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Feds Learn New Orleans Still There

September 2, 2005

Apparently the US government finally remembered that there were people who needed help in New Orleans, with troops finally arriving in force, a mere five days after Hurricane Katrina.

At the New Orleans Convention Center, some of the thousands of storm victims awaiting their deliverance applauded, threw their hands heavenward and screamed, “Thank you, Jesus!” as the camouflage-green trucks and hundreds of soldiers arrived in this increasingly desperate and lawless city.

“Lord, I thank you for getting us out of here,” said Leschia Radford.

But there was also anger and profane catcalls.

“Hell no, I’m not glad to see them. They should have been here days ago. I ain’t glad to see ’em. I’ll be glad when 100 buses show up,” said 46-year-old Michael Levy, whose words were echoed by those around him yelling, “Hell, yeah! Hell yeah!”

I’m pleased to see that they actually managed to locate the Convention Center (hint — it’s the real big building next to the river with all the refugees in it — it’s right across from the casino, and there are a LOT of pissed off people standing outside it — you really can’t miss it), since yesterday the head of FEMA (on CNN) and the head of Homeland Security (on NPR) both claimed to be surprised to learn there was a problem there — despite the fact that the whole country had seen plenty of media coverage of the deplorable conditions there — rapes, murders, dead elderly and children, etc.

Somebody ought to rename these organizations — the way our Emergency has been Federally Managed, our Homeland Secured, and our Nation Guarded has been sadly lacking, both in the preparation for and the mitagation after this disaster.

Charity may begin at home, but at some point government attention needs to start here as well.

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2 Responses to “Feds Learn New Orleans Still There”

  1. Big Dog on September 6th, 2005 2:27 pm

    Is it really fair to blame the Feds? They actually started getting ready before the storm which is more than local gvt did. The feds have 72 hours to get there. The national guard was there in 48. Let us not forget that the things that made it difficult for the people also made it difficult for the rescuers to get in.

    We should also remember that if the local gvt had done its job (yes despite the news you hear it is local gvt’s responsibility to evacuate and find transportation) then there would not be as many people who need to be rescued.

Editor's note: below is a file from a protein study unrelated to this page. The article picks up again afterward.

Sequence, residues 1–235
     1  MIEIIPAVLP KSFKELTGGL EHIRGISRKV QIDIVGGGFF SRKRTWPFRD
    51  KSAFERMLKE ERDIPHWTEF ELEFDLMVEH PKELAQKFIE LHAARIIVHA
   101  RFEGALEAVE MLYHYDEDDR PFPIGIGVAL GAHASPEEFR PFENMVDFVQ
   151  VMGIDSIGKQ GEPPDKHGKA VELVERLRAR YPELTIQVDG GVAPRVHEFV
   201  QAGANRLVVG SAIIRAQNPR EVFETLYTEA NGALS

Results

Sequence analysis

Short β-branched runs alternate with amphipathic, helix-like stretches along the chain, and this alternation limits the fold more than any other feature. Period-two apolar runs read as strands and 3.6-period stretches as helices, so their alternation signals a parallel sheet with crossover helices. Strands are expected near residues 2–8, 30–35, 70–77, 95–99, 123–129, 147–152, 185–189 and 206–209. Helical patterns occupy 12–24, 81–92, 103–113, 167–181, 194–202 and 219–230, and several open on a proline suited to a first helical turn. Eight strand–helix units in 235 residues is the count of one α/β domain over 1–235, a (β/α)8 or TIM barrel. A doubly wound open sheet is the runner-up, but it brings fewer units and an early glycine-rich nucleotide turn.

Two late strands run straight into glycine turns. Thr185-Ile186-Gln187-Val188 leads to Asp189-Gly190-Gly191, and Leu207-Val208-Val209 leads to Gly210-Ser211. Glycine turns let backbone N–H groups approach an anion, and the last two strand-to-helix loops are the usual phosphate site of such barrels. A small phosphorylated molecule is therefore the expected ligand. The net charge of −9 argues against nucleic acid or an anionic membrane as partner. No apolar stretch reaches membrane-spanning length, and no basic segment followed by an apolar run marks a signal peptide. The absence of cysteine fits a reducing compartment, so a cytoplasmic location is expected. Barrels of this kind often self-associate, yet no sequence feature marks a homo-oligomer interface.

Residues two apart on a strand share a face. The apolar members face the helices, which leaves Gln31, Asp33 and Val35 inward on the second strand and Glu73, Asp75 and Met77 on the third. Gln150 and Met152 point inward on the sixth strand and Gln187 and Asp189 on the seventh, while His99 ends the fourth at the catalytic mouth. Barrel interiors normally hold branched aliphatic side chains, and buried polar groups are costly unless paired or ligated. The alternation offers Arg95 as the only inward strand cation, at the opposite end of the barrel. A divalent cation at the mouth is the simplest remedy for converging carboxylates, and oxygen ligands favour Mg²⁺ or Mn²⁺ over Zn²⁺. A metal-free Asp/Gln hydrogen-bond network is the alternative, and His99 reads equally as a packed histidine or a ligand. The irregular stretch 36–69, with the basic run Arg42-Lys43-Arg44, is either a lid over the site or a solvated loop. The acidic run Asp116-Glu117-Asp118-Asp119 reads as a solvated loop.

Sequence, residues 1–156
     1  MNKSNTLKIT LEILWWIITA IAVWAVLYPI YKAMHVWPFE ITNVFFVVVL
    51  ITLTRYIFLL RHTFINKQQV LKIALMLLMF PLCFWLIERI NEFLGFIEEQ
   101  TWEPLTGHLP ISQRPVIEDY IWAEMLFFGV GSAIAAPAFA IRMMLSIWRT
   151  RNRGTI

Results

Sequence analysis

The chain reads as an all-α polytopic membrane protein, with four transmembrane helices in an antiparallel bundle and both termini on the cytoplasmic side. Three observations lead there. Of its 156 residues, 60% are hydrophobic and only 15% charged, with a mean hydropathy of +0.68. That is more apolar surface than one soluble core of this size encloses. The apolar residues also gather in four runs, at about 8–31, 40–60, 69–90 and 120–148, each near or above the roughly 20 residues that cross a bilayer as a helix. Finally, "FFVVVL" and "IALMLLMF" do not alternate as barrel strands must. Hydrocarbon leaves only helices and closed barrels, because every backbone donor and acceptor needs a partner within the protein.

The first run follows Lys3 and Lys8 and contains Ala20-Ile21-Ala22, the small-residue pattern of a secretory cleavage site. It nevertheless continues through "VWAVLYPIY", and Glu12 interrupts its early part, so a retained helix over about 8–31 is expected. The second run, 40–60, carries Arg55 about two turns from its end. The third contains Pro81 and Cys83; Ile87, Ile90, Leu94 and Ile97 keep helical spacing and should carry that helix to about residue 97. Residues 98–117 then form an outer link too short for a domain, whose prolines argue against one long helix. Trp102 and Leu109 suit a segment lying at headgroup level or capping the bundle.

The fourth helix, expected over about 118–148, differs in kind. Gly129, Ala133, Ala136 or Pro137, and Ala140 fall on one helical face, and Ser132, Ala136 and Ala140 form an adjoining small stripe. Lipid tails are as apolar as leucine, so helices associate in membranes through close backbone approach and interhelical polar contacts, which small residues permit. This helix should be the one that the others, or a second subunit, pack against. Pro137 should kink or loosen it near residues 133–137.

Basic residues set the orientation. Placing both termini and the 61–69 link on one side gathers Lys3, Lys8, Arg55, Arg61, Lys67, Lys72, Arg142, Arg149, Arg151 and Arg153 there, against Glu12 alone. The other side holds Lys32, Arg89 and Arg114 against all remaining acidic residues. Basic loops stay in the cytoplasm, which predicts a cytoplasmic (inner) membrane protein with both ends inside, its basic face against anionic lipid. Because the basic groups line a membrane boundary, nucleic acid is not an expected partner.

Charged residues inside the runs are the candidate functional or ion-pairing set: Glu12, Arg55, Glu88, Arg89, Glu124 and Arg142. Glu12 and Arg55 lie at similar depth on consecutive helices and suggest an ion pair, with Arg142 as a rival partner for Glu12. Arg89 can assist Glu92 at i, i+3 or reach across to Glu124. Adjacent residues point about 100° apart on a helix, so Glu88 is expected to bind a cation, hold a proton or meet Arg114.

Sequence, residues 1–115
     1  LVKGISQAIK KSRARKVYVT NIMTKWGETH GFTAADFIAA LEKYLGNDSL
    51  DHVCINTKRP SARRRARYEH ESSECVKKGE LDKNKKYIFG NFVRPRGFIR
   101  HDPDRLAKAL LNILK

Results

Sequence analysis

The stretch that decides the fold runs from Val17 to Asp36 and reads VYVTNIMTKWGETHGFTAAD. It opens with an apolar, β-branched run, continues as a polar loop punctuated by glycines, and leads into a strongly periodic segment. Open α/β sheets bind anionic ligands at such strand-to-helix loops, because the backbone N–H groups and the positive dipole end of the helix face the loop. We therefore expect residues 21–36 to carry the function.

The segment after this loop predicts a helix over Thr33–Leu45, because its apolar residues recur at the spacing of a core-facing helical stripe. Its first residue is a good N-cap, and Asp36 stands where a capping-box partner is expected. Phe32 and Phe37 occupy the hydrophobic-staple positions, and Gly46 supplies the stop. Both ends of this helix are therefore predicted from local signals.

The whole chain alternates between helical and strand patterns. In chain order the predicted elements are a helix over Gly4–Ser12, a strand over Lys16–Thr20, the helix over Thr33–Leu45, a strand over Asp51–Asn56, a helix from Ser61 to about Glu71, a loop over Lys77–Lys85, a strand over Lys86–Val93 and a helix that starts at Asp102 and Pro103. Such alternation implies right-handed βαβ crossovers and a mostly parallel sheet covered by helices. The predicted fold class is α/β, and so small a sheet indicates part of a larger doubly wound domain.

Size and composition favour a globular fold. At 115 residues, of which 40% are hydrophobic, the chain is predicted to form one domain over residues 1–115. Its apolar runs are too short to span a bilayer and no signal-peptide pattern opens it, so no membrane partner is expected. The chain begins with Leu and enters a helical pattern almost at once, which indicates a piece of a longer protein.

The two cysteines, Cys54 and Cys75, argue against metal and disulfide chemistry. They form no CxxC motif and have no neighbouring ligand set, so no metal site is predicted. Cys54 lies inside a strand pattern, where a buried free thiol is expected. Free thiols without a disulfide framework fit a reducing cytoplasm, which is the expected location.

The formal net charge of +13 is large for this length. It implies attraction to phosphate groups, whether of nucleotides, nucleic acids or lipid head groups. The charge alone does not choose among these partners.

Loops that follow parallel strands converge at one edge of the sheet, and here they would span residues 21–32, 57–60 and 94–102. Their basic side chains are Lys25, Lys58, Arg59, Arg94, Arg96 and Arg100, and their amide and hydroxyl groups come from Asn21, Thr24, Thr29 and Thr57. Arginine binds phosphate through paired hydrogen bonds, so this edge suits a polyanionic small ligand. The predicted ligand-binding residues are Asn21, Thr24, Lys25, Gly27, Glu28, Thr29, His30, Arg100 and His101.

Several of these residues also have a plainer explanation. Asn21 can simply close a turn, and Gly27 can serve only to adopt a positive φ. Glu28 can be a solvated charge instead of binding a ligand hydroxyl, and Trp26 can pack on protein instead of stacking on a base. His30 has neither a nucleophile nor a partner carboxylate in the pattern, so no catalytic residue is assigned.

National Guard in 48 hours because the law enforcement broke down and feds in place in 72. That is the standard 72 hours. Perhaps we should be asking instead, why New Orleans left so many people out on their own. We should also place blame on those who refused to leave.

  2. Chuck Lawson on September 6th, 2005 6:04 pm

    Sure it’s fair to blame the Feds. That doesn’t mean I’m not an equal-opportunity bitcher, I blame the locals for quite a bit too (like a couple of hundred school buses underwater instead of being sent out for the transport-less when the evacuation order went mandatory).

    There’s plenty of blame to go around, and plenty of excuses too. As excuses go, not being able to get in isn’t bad, but it doesn’t excuse the heads of both FEMA and HS from claiming publicly that they didn’t know that there were people at the Convention Center when it’d been all over the media for 48 hours prior. The Convention Center was well above water (it’s about as high as ground level gets in downtown N.O.) and transports to and from the Superdome were driving right past (despite all of the people in the street trying to get them to stop).

    Blaming those who refused to leave is real popular these days too. I pretty much assume that folks who do so have never had much experience of being broke, desperate, or living in a place with a high crime rate and a well publicised amount of corruption in local government.

    Lucky souls those — God bless ’em and let’s hope that karma doesn’t come around and bite ’em in the ass one day. I had to learn the hard way, and I wouldn’t wish it on anyone.

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